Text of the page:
Wonderful flowering maple. Upright and hardy into the upper teens. Flowers all year or until a cold snap takes the buds. Several cold snaps might discourage it to the ground where resprouting is possible, even likely. Partial shade, summer water and plenty of fertilizer. Provide mulch or overhead protection where temperatures drop to 18F, upper USDA zone 8.
Malvaceae $009 3D

Abutilon x 'White Parasol'flowering maple
Stout shrub with large, pure white flowers facing outward in abundance. Reaches 4-5 ft tall. Evergreen and everblooming to 20F. Where temperatures drop below, best to site out of wind and provide winter mulch. Recovers in the mid teens with mulch or overhead protection. Frost hardy to mid USDA zone 8.
Malvaceae $009 4in

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Abutilon x megapotamicum - UC Davis White flowering maple
An unusual A. megapotamicum hybrid, shared with us by the University of California Arboretum at Davis. To an arching 6 ft, with hanging, white bells providing striking contrast to narrow, dark green leaves. The flowers are produced year-round providing temperatures are above about 20F, though plants have survived the low teens, mid USDA zone 8, with only some stem damage. Provide even moisture and nutrients along with dappled shade.
Malvaceae $009 2D

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Acaena saccaticupula 'Blue Haze'
A seedling strain of this classic, ground-hugging, moisture-loving, New Zealand beauty with, yes, hazy blue leaves. Best in full sun with regular summer water. To perhaps 4” tall and spreading moderately. Good in pots. Pet owners beware: the little, burr-like seeds stick to fur, leg hairs, and other unmentionables. Frost hardy to -10F, USDA zone 6.
Rosaceae $9 4in

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Acer aff. sikkimense DJHV 147
Lovely small, evergreen maple from northern Vietnam, collected there by Dan Hinkley. Leaves are longish and un-maple-like, but handsome, with orange-red new growth changing to green. Reaches 20 ft or so in height in sun to dappled shade with plentiful summer moisture. We don’t know the ultimate frost hardiness but assume it to be 10 F, USDA zone 8.
Sapindaceae $18 4D

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Acorus gramineus 'Minimus Aureus' grassy-leaved sweet flag
‘....the dwarf yellow version of the minature ... ' Let’s say it’s the smallest yellow sweet flag you can get. Die-back perennial, to 5-6" tall for sun to part shade with at least average summer water. Tolerates wet soils but doesn't do well if dry. Excellent as accent, in pots, bonsai/penjing, or in rock walls. Frost hardy to -20F, USDA zone 5.
Acoraceae $8 4D

Adiantum 'Golden Michael'

Adiantum 'Golden Michael'
Lovely maidenhair fern, a form introduced by Lance Reiner with lacy foliage tinged with gold over a gentle green, both colors standing out again the black stems. To only 6” tall, spreading slowly by underground rhizomes to form a clump up to 3 ft across. Light shade with plentiful moisture is best and encourages faster growth. Evergreen to the mid teens F, mid USDA zone 8 and root hardy to at least –20F, USDA zone 5. Also does well in containers, indoors and out.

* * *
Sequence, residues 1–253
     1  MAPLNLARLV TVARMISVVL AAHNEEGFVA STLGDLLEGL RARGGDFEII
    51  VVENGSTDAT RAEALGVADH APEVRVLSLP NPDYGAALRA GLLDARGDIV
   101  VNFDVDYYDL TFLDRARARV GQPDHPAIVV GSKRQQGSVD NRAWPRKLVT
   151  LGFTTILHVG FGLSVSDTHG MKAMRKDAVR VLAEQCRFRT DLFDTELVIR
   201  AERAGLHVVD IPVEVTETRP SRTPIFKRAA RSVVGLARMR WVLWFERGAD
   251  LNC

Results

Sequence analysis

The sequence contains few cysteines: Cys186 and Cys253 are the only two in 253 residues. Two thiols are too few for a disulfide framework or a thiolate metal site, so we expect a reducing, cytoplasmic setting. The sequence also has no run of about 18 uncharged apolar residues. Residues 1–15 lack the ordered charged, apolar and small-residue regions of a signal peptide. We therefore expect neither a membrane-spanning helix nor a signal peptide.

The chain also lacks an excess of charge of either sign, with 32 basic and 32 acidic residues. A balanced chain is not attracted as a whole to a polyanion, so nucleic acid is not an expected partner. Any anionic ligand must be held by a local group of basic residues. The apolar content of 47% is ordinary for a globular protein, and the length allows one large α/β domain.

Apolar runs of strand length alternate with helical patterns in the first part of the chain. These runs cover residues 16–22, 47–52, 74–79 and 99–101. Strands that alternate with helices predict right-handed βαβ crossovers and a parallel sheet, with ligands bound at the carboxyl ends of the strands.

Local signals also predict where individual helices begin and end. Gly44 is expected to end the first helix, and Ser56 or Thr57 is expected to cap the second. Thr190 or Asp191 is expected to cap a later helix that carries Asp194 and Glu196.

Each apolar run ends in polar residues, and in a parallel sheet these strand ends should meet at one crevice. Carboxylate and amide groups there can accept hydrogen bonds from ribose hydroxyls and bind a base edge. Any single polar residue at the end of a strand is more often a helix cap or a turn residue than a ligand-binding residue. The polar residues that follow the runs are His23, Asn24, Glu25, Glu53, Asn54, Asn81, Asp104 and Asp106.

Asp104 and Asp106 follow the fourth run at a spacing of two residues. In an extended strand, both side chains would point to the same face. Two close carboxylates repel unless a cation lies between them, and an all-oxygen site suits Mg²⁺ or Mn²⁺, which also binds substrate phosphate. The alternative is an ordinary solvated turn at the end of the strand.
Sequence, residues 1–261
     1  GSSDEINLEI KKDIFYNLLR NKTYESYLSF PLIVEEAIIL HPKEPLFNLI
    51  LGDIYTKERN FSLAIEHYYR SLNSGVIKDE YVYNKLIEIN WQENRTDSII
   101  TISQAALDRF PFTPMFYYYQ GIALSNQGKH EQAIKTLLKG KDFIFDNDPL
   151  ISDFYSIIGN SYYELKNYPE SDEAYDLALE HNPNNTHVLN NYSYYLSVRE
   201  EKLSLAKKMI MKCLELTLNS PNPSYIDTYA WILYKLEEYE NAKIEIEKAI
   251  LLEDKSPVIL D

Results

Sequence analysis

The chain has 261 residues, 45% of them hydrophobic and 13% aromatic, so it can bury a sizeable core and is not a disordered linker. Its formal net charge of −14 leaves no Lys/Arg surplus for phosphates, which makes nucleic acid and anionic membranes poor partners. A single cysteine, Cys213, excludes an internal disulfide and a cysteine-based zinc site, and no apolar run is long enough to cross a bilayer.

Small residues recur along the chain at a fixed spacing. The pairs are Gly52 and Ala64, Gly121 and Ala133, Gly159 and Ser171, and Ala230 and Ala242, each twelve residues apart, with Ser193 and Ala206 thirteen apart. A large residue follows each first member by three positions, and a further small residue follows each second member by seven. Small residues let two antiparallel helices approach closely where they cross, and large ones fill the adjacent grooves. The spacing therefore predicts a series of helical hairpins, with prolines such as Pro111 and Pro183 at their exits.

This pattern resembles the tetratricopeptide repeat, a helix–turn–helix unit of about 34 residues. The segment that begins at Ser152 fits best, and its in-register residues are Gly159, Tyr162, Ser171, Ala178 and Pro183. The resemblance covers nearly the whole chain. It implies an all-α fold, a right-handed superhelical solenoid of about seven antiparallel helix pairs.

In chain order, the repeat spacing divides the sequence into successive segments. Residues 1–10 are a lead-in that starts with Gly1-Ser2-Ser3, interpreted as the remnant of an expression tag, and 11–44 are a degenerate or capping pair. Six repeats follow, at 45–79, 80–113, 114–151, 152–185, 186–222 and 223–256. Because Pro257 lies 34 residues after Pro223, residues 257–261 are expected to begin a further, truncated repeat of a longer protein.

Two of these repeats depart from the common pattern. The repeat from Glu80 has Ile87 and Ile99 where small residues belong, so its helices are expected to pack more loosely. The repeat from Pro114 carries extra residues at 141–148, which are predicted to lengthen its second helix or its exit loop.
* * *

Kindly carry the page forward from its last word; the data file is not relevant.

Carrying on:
Adiantaceae $14 4D

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Aesculus pavia
This red flowering, southeastern US native buckeye is well at home in the small garden, topping out at 15 ft with a very handsome silhouette. Scarlett candelabras of flowers cover the tree in spring. A bird magnet. Full sun to part shade in hottest climates. Likes fertile soil and moderate water; scorches in dry conditions. Frost hardy in USDA zone 4.
Sapindaceae $14 4D

Agapanthus 'Tinkerbell'

Agapanthus 'Tinkerbell'dwarf variegated lily of the nile
The variegated companion to Agapanthus ‘Peter Pan’ has dwarf foliage -- green with white edges -- and a dwarf flowering stalk of medium blue flowers rising to 18" above the 8" leaves. Useful as a container plant especially for its sprightly, variegated look. Enjoys sun to part shade in well-drained soil and average summer water. Evergreen to the mid 20s F, USDA zone 9b, and root hardy to at least 10F, zone 8, and probably colder.
Amaryllidaceae $11 4D

Agapanthus 'Winter Dwarf'

Agapanthus 'Winter Dwarf'dwarf lily of the nile
Selections from the old seedling strain of A. ‘Peter Pan’ and even smaller with strap-like leaves to only 6" or so and lavender-blue flowers on foot long stalks. Both dainty and indestructible in the garden. Does best in sun to part shade with regular water in spring and summer. Frost hardy to 0F, USDA zone 7, with mulch for extra protection.
Amaryllidaceae $10 4D

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Allium senescens 'Blue Twister'
A choice selection of Allium senescens with corckscrew blue-green leaves. Great for the rock or xeric garden. Long display of lavender flowers attractive to pollinators. 12" tall. Hardy to Zone 5. Full sun.
$11 3D

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Alstroemeria isabellana Peruvian Lily

Alstroemeriaceae $12 2D

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Alstroemeria psittacina 'Variegata' white edged princess lily